Turn right along this road and follow it as it heads westwards; after 1.2 miles it reaches a road junction on the left in the hamlet of Haselbech. Ignore the road leading off, and continue straight on for another 1.4 miles until the road ends at a T-junction on the outskirts of Naseby at SP69137812.

Here I turned right to head north along the road for 400 metres to reach an obelisk; if you wish to visit this do so, and then return back to this junction.

Continue straight on along a road called Newlands through Naseby; it passes Naseby church on the left and curves to the left at a triangular junction; turn right along Welford Road. Follow this road as it heads northwestwards out of Naseby; it crosses the A14 on a bridge and heads on. Three miles after Naseby the road joins a stretch of the Jurassic Way walked earlier, and a little further on passes Welford reservoir dam and ends at a T-junction with the A5199. Cross the road to reach the pavement on the other side, and turn left along this road into Welford. Take the first road off to the right, West Street, and follow this as it curves left. Shortly after the bend turn left into Salford Close, where this walk started.

 

P2018DSC00045	Crossing a field of rape on the way to Sibbertoft.
     
P2018DSC00052	Sibbertoft.
P2018DSC00045 Crossing a field of rape on the way to Sibbertoft.
     
P2018DSC00052 Sibbertoft.


Distances

From To Distance (m)Ascent (ft) Descent (ft)
Welford Sibbertoft 4.0 240 207
Sibbertoft East Farndon 3.4 214 290
East Farndon Oxendon tunnel 2.0 67 146
Oxendon tunnel Kelmarsh 3.2 151 43
Kelmarsh Naseby 4.3 308 164
Naseby Welford 3.6 131 261

This makes a total distance of 20.5 miles, with 1111 feet of ascent and 1111 feet of descent.

  Profile of walk #994
For more information on profiles, ascents and descents, see this page

 

P2018DSC00057	Bluebells in Sibbertoft Wood.
     
P2018DSC00058	Looking back towards Sibbertoft Wood.
P2018DSC00057 Bluebells in Sibbertoft Wood.
     
P2018DSC00058 Looking back towards Sibbertoft Wood.

 

P2018DSC00060	The path on the way to East Farndon.
     
P2018DSC00063	The path on the way to East Farndon.
P2018DSC00060 The path on the way to East Farndon.
     
P2018DSC00063 The path on the way to East Farndon.

 

P2018DSC00064	Looking back from near East Farndon.
     
P2018DSC00068	A sharp turn.
P2018DSC00064 Looking back from near East Farndon.
     
P2018DSC00068 A sharp turn.

 

P2018DSC00070	East Farndon.
     
P2018DSC00071	He never moves and always sees ...
P2018DSC00070 East Farndon.
     
P2018DSC00071 He never moves and always sees ...

 

P2018DSC00076	The road between East Farndon and Great Oxendon.
     
P2018DSC00079	A portal of Oxendon tunnel.
P2018DSC00076 The road between East Farndon and Great Oxendon.
     
P2018DSC00079 A portal of Oxendon tunnel.

 

P2018DSC00084	Heading towards Oxendon Tunnel.
     
P2018DSC00089	Inside Oxendon Tunnel.
P2018DSC00084 Heading towards Oxendon Tunnel.
     
P2018DSC00089 Inside Oxendon Tunnel.

 

P2018DSC00092	Below the shaft in Oxendon Tunnel.
     
P2018DSC00095	The southern portal of Oxendon Tunnel.
P2018DSC00092 Below the shaft in Oxendon Tunnel.
     
P2018DSC00095 The southern portal of Oxendon Tunnel.

 

P2018DSC00098	Following the old railway south towards Kelmarsh.
     
P2018DSC00104	Following the old railway south towards Kelmarsh.
P2018DSC00098 Following the old railway south towards Kelmarsh.
     
P2018DSC00104 Following the old railway south towards Kelmarsh.

 

P2018DSC00106	Steps at the site of Kelmarsh station.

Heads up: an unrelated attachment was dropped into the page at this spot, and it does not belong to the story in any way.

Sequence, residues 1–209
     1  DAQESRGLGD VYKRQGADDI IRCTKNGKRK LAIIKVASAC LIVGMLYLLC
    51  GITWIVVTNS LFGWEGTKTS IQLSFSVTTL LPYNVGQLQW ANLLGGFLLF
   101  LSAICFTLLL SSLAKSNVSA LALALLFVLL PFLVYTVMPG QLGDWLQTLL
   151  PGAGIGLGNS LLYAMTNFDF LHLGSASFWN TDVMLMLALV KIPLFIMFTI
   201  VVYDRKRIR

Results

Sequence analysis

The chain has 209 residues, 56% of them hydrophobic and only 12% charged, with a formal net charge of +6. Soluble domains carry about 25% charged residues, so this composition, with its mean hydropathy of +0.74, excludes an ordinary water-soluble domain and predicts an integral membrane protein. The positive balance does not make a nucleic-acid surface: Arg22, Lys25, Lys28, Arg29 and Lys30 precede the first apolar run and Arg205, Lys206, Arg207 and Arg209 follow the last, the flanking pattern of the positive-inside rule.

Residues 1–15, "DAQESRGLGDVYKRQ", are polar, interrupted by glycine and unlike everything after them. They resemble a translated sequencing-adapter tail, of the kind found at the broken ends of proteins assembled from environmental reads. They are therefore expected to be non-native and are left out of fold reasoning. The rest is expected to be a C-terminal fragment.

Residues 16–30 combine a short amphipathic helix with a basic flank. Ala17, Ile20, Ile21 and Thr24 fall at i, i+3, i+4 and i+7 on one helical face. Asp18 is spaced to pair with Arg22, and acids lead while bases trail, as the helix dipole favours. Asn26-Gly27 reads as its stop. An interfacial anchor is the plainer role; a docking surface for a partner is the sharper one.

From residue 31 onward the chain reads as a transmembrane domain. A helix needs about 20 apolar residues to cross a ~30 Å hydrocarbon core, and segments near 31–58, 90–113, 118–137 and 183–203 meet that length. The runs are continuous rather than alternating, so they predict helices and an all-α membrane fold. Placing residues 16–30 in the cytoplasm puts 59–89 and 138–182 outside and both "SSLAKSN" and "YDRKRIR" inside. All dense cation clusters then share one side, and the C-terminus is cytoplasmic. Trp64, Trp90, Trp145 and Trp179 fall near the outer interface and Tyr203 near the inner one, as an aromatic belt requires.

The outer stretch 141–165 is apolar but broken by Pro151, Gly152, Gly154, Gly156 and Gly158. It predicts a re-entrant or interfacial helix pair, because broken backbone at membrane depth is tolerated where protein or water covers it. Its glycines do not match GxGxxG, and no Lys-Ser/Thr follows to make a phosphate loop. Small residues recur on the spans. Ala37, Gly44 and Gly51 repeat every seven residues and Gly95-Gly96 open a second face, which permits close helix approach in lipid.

P2018DSC00107	An old rail bridge near Kelmarsh station.
P2018DSC00106 Steps at the site of Kelmarsh station.
     
P2018DSC00107 An old rail bridge near Kelmarsh station.

 

P2018DSC00110	A gateway leading to Kelmarsh Hall.
     
P2018DSC00111	Crossing the A14 to the southwest of Kelmarsh.
P2018DSC00110 A gateway leading to Kelmarsh Hall.
     
P2018DSC00111 Crossing the A14 to the southwest of Kelmarsh.

 

P2018DSC00112	Heading west along the road towards Haselbech.
     
P2018DSC00115	The road between Haselbech and Naseby.
P2018DSC00112 Heading west along the road towards Haselbech.
     
P2018DSC00115 The road between Haselbech and Naseby.

 

P2018DSC00117	They don't want you to miss it ...
     
P2018DSC00121	The Naseby memorial obelisk.
P2018DSC00117 They don't want you to miss it ...
     
P2018DSC00121 The Naseby memorial obelisk.

 

P2018DSC00124	The Naseby memorial obelisk.
     
P2018DSC00129	Naseby church.
P2018DSC00124 The Naseby memorial obelisk.
     
P2018DSC00129 Naseby church.

 

P2018DSC00135	Detail on a door in Naseby.
     
P2018DSC00136	An earth-sheltered garage in Naseby.
P2018DSC00135 Detail on a door in Naseby.
     
P2018DSC00136 An earth-sheltered garage in Naseby.

 

P2018DSC00139	Flowering gorse by the bridge over the A14.
     
P2018DSC00145	The road between Naseby and Welford.
P2018DSC00139 Flowering gorse by the bridge over the A14.
     
P2018DSC00145 The road between Naseby and Welford.

 

P2018DSC00148	An odd statue in Welford.
P2018DSC00148 An odd statue in Welford.


Disclaimer

Please note that I take no responsibility for anything that may happen when following these directions. If you intend to follow this route, then please use the relevant maps and check the route out before you go out. As always when walking, use common sense and you should be fine.

If you find any information on any of these routes that is inaccurate, or you wish to add anything, then please email me.

All images on this site are © of the author. Any reproduction, retransmissions, or republication of all or part of any document found on this site is expressly prohibited, unless the author has explicitly granted its prior written consent to so reproduce, retransmit, or republish the material. All other rights reserved.

Although this site includes links providing convenient direct access to other Internet sites, I do not endorse, approve, certify or make warranties or representations as to the accuracy of the information on these sites.

And finally, enjoy your walking!